IT Security Stories to Watch: Are Businesses Ignoring 'Security Basics'?IT Security Stories to Watch: Are Businesses Ignoring 'Security Basics'?
The Online Trust Alliance (OTA), Adobe (ADBE) Flash Player, Kaspersky Lab founder Eugene Kaspersky and St. Peter's Health Partners top this week's list of IT security newsmakers. Here's a closer look at four of the biggest IT security stories to watch during the week of Jan. 26.
January 28, 2015
Were most of the data breaches that occurred in the first half of last year preventable? According to the Online Trust Alliance (OTA), a nonprofit organization that provides businesses with online security best practices, 90 percent of these incidents “could have easily been prevented.”
And thanks in part to its recent findings, the OTA sits atop this week’s list of IT security newsmakers to watch, followed by Adobe (ADBE) Flash Player, Kaspersky Lab founder Eugene Kaspersky and St. Peter’s Health Partners.
Here’s a closer look at each of these IT security newsmakers and what managed service providers (MSPs) can learn from them:
1. OTA: Businesses fail to adopt security basics
The OTA last week released its 2015 Data Protection Best Practices and Risk Assessment Guides, which analyzed over 1,000 breaches involving the loss of personally identifiable information (PII) last year.
OTA researchers noted that 40 percent of last year’s data breaches was caused by external intrusions, while 29 percent was caused by employees – accidentally or maliciously – due to a lack of internal controls. Also, the OTA pointed out that many data breaches occurred due to lost or stolen devices or documents (18 percent).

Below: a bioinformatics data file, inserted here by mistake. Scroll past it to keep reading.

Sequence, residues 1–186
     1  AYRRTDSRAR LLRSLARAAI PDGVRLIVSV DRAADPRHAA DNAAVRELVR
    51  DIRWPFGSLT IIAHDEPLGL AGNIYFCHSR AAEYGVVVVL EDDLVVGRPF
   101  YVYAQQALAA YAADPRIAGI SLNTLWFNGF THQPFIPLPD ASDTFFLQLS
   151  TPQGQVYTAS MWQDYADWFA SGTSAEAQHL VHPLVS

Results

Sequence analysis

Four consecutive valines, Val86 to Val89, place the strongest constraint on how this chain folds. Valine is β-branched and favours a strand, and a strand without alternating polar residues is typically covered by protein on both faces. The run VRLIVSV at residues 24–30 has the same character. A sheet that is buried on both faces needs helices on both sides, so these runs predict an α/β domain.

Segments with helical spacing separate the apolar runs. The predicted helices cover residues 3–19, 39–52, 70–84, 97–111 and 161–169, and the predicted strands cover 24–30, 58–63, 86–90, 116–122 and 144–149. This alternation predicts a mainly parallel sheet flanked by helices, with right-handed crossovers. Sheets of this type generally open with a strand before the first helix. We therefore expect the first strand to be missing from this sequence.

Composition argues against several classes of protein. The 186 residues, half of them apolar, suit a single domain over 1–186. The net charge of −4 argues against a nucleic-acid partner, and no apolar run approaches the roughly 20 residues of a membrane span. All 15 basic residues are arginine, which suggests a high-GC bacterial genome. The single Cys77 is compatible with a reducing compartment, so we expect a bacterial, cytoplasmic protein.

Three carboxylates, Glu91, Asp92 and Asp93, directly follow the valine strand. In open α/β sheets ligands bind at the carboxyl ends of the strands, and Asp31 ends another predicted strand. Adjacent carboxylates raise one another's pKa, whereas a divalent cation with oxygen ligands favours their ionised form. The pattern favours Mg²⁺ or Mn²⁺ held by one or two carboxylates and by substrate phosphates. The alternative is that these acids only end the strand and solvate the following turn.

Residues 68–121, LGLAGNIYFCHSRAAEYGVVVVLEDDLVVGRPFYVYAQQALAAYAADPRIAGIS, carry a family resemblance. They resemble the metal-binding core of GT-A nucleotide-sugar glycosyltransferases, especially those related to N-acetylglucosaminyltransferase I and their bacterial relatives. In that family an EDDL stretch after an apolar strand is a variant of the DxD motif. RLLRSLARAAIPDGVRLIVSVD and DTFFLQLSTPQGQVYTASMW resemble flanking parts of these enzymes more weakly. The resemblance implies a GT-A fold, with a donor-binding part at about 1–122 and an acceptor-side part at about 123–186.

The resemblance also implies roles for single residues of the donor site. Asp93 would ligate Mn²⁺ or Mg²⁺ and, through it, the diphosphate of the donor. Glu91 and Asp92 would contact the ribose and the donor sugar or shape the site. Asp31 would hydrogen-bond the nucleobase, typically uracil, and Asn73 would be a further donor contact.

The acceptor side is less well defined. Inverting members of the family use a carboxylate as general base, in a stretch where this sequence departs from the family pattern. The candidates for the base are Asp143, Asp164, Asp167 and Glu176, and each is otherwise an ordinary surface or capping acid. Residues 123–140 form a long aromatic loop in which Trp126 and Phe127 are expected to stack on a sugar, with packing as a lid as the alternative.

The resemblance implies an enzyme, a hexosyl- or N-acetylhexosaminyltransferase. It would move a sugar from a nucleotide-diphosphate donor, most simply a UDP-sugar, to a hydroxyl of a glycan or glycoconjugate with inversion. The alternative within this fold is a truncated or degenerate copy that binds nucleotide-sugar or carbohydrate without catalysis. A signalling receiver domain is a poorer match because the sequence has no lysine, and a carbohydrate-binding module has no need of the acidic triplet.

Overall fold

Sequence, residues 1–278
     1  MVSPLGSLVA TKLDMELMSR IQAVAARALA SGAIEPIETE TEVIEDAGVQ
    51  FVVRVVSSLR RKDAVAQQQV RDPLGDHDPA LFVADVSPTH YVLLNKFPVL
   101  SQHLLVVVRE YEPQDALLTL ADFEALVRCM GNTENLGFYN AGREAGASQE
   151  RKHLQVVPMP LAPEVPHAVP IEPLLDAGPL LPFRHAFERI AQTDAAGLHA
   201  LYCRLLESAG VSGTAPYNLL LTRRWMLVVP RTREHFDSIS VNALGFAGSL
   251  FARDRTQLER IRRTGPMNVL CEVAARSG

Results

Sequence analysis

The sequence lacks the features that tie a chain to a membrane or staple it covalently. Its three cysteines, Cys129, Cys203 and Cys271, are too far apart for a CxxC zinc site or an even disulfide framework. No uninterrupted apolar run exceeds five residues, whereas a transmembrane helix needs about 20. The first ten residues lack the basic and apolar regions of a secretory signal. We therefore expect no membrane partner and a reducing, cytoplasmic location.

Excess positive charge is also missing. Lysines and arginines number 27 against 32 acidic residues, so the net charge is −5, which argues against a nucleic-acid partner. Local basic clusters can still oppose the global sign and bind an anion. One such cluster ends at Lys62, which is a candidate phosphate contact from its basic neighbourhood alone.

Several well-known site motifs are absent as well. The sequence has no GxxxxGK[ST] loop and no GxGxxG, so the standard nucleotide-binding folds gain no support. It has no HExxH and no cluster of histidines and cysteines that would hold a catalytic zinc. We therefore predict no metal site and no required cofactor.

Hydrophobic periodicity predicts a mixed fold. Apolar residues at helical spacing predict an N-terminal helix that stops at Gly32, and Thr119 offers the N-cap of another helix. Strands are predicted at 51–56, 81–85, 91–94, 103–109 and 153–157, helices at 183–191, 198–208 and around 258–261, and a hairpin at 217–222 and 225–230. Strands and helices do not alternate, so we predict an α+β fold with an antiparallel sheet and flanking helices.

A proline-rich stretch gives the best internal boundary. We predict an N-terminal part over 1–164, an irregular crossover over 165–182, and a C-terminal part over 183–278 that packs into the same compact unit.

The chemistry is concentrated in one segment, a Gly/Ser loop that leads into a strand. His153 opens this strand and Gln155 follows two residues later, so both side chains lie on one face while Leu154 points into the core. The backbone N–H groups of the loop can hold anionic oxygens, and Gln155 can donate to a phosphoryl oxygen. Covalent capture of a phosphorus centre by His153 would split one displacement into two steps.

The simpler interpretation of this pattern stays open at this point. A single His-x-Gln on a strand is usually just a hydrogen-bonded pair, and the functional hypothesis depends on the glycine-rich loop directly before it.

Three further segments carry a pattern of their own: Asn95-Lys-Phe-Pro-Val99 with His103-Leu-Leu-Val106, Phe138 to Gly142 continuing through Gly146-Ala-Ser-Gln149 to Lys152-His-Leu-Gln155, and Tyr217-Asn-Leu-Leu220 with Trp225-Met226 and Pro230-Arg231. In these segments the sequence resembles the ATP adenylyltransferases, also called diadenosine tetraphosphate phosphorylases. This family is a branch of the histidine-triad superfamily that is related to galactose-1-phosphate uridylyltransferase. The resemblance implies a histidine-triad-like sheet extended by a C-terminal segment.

Craig Spiezle, the OTA’s president, said he believes that many businesses still need to adopt security controls to prevent and mitigate data breaches.
“Businesses are overwhelmed with the increasing risks and threats, yet all too often fail to adopt security basics,” he said in a prepared statement.
2. Kafeine discovers Flash zero-day vulnerability
The vulnerability exists in Flash Player version 188.8.131.527 and earlier for Windows, Macintosh and Linux and could allow a remote attacker to plant malware and take control of vulnerable computers, British security blogger Graham Cluley said.
Adobe released a patch to fix the vulnerability on Tuesday.
3. Kaspersky: Cybercriminals are becoming “more professional”
While new cybersecurity technologies are helping organizations worldwide, these tools also are providing new opportunities for cybercriminals, according to the founder of Kaspersky Lab.
Kaspersky himself told The Huffington Post that he believes that cybersecurity issues are still problematic for many organizations.
He pointed out that some hackers are becoming “more professional” too.
“It’s not the end of the revolution, and unfortunately the bad guys, the criminals – let’s say they’re criminals – they are getting more and more professional,” Kaspersky said.
4. St. Peter’s Health Partners warns patients about possible breach
St. Peter’s Health Partners last week sent out over 5,000 letters to patients warning them about a possible data breach.
The community and healthcare services network said it launched an investigation immediately after an employee’s cell phone was stolen last November.
St. Peter’s Health Partners officials also said they are trying to determine if the thief has accessed any corporate emails that included patients’ personal information.
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